Difference in conditions (DIC) insurance is a type of policy that provides expanded coverage for some perils not covered by standard insurance policies. DIC insurance is designed to fill in gaps in insurance coverage and is most frequently used by larger organizations, looking for protection from catastrophic perils.
BREAKING DOWN ‘Difference In Conditions (DIC) Insurance’
Difference in conditions insurance provides expanded coverage for perils not covered by standard insurance policies. Insurance companies typically offer policies that cover perils that are well-defined and predictable. They are less willing to underwrite policies that cover infrequent and severe perils, as these are more difficult to account when setting the premium that should charged. Thus, most policies cover higher frequency, lower severity perils. However, this does not mean that the insured party is fully insulated from risks of catastrophes. It does mean that many insurers shy away from providing coverage for catastrophes.
DIC insurance is designed to increase coverage for perils that can result in severe losses, such as floods, earthquakes, and other catastrophes. As a gap filler form of insurance, DIC insurance is designed to provide coverage that the broader insurance market won’t provide. This type of coverage goes beyond the purchase of additional coverage limits, since standard coverage typically excludes certain perils. The insured purchases this coverage in addition to a standard insurance policy, though some standard policies allow the purchase of a policy endorsement that may provide for much of the same needs.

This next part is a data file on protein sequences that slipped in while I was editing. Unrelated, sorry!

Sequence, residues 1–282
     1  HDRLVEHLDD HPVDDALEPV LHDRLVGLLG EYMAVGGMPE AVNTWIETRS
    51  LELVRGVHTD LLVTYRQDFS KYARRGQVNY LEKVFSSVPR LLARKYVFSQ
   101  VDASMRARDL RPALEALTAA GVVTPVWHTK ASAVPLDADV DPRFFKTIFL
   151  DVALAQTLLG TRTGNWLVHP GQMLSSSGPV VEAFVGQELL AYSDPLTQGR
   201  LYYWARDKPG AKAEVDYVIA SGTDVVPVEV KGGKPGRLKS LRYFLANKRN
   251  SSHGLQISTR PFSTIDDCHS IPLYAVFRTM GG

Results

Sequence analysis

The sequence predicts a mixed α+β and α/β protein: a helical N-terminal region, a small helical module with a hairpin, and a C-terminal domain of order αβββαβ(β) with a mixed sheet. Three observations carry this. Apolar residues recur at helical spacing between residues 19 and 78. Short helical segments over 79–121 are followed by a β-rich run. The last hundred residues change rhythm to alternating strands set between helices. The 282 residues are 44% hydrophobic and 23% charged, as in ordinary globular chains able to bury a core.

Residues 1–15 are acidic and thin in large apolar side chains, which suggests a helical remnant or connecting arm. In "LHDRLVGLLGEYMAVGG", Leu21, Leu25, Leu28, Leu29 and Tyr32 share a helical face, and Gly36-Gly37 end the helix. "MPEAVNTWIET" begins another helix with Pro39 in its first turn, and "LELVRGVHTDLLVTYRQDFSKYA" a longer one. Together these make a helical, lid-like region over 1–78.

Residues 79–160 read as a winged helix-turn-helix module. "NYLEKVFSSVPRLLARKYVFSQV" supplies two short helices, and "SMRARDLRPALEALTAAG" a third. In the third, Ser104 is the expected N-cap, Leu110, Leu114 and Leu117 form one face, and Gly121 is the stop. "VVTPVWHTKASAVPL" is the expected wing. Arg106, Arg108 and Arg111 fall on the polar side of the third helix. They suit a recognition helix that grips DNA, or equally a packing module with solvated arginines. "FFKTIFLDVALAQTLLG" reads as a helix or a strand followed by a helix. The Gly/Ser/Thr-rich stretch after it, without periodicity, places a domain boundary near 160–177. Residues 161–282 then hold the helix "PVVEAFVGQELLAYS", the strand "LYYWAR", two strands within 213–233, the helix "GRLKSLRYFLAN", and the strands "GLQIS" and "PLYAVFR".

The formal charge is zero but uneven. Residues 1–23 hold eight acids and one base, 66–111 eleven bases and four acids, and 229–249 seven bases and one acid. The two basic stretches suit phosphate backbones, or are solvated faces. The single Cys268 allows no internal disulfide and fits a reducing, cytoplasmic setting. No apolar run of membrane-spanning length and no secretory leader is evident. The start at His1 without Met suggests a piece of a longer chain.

To determine if you need DIC insurance, the best course of action is to review your situation with your agent or broker, who will look at your current policy levels and determine whether they are satisfactory for your insurance needs. DIC insurance isn’t like auto insurance, where everyone needs to have it. DIC policies are fluid, with the ability to change them and to tailor-make them. If, for example, you need more coverage for property out in the open, for spoilage, for flood or earthquake, than your primary carrier is able to cover, then DIC might be an answer.
Difference in Conditions Insurance in Action
An example of a company that might buy a DIC insurance policy would be a firm with a property insurance policy that excludes flood coverage. They may purchase DIC insurance that specifically covers floods. Similarly, a construction company may purchase DIC insurance to bridge the coverage gap between a contractor’s policy and its own policy. In some cases, multinational firms will purchase DIC insurance to fill in coverage gaps between their master policies and local policies.
Source: Difference In Conditions (DIC) Insurance https://www.investopedia.com/terms/d/difference-conditions-dic-insurance.asp#ixzz5U7UQugZd